Denver Water changes fluoride concentration

In January 2011, the U.S. Department of Health and Human Services and the Environmental Protection Agency proposed changes to the guidelines on adding fluoride to drinking water. The agency lowered the recommended concentration of fluoride from a range of 0.7–1.2 mg/L to a flat 0.7 mg/L, representing the first change to HHS's position on fluoride in nearly 50 years.

In response to this measure, the Colorado Department of Public Health and Environment (CDPHE), which has encouraged the fluoridation of water for many years, has allowed the state's water companies to change fluoridation levels accordingly. Denver Water announced an immediate change on January 7, 2011 with a new target fluoride concentration of 0.6-0.7 mg/L. To understand how infinitesimal this amount of fluoride really is, a milligram per liter is the equivalent of one part per million, or the same as one drop of water for every 55 gallons. The time equivalent would be one minute out of every two years.

According to the press release, "Fluoride is a naturally occurring compound in Denver Water's source water. It enters the water when fluoride-rich minerals in soils and rock dissolve. The natural background fluoride concentrations for Denver's source water typically ranges from 0.08 mg/L to 0.90 mg/L. The water treatment process removes a small amount of naturally occurring fluoride." This means that fluoride is only added at Denver Water's treatment plants when the concentration of it falls below levels recommended by the nation's public health agencies and the CDPHE.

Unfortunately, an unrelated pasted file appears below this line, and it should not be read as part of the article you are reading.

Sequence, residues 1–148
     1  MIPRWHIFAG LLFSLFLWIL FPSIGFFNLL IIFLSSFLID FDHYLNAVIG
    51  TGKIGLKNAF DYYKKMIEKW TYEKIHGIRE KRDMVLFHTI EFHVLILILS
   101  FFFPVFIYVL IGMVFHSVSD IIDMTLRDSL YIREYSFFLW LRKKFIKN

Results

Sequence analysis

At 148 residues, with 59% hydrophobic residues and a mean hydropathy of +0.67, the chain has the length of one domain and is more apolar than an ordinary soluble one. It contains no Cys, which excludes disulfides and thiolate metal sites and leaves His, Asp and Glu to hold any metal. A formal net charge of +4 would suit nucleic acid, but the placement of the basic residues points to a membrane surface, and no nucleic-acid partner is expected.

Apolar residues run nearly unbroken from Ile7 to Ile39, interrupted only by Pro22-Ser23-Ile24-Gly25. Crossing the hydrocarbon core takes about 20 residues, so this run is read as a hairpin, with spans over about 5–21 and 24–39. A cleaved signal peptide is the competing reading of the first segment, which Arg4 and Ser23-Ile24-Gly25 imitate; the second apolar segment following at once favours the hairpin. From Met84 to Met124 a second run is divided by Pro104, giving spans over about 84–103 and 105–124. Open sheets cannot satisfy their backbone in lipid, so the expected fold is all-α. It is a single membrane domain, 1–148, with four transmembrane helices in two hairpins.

But is Flouride in our water safe?

The American Academy of Family Physicians has issued the following policy statement: "Fluoridation of public water supplies is a safe, economical, and effective measure to prevent dental caries" (tooth decay).

Since 1950, the American Dental Association (ADA), along with the United States Public Health Service (USPHS), has continuously and unreservedly endorsed the optimal fluoridation of community water supplies as a safe and effective public health measure for the prevention of dental decay.

The ADA's policy on fluoridation is based on its continuing evaluation of the scientific research on the safety and effectiveness of fluoride. It continues to reaffirm its position of support for water fluoridation and has strongly urged that its benefits be extended to communities served by public water systems.

Today, fluoridation is the single most effective public health measure to prevent tooth decay and to improve oral health over a lifetime.

History

The effect of fluoridation on the prevention of tooth decay was first identified in Colorado Springs in the early 1900s. High levels of natural fluoride caused discoloration of tooth enamel but prevented cavities.

Fluoride was first added to Denver's water in 1953, when Denver Water and the City of Denver's Department of Health and Hospitals entered into an agreement to fluoridate the water.